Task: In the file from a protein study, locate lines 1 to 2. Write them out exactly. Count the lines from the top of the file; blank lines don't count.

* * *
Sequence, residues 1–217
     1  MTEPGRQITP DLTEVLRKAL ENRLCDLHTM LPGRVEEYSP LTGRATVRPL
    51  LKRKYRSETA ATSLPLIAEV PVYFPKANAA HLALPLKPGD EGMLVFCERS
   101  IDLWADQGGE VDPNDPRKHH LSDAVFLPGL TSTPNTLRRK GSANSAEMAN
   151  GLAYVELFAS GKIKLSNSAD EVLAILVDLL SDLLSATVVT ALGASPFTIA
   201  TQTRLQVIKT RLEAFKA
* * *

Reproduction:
Sequence, residues 1–217
     1  MTEPGRQITP DLTEVLRKAL ENRLCDLHTM LPGRVEEYSP LTGRATVRPL